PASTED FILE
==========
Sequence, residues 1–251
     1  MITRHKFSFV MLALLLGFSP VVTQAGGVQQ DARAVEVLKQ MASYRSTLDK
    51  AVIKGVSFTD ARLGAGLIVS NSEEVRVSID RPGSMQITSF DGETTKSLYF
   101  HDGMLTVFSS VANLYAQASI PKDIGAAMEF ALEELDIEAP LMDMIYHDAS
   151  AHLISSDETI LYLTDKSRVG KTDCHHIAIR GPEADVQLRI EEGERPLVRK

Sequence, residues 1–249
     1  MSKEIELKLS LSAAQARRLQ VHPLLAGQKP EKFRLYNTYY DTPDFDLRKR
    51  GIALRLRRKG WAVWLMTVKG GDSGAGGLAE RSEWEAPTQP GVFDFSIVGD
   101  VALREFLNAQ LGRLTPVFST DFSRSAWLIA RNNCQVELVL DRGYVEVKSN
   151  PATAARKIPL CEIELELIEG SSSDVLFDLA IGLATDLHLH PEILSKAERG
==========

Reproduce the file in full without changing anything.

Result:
Sequence, residues 1–251
     1  MITRHKFSFV MLALLLGFSP VVTQAGGVQQ DARAVEVLKQ MASYRSTLDK
    51  AVIKGVSFTD ARLGAGLIVS NSEEVRVSID RPGSMQITSF DGETTKSLYF
   101  HDGMLTVFSS VANLYAQASI PKDIGAAMEF ALEELDIEAP LMDMIYHDAS
   151  AHLISSDETI LYLTDKSRVG KTDCHHIAIR GPEADVQLRI EEGERPLVRK

Sequence, residues 1–249
     1  MSKEIELKLS LSAAQARRLQ VHPLLAGQKP EKFRLYNTYY DTPDFDLRKR
    51  GIALRLRRKG WAVWLMTVKG GDSGAGGLAE RSEWEAPTQP GVFDFSIVGD
   101  VALREFLNAQ LGRLTPVFST DFSRSAWLIA RNNCQVELVL DRGYVEVKSN
   151  PATAARKIPL CEIELELIEG SSSDVLFDLA IGLATDLHLH PEILSKAERG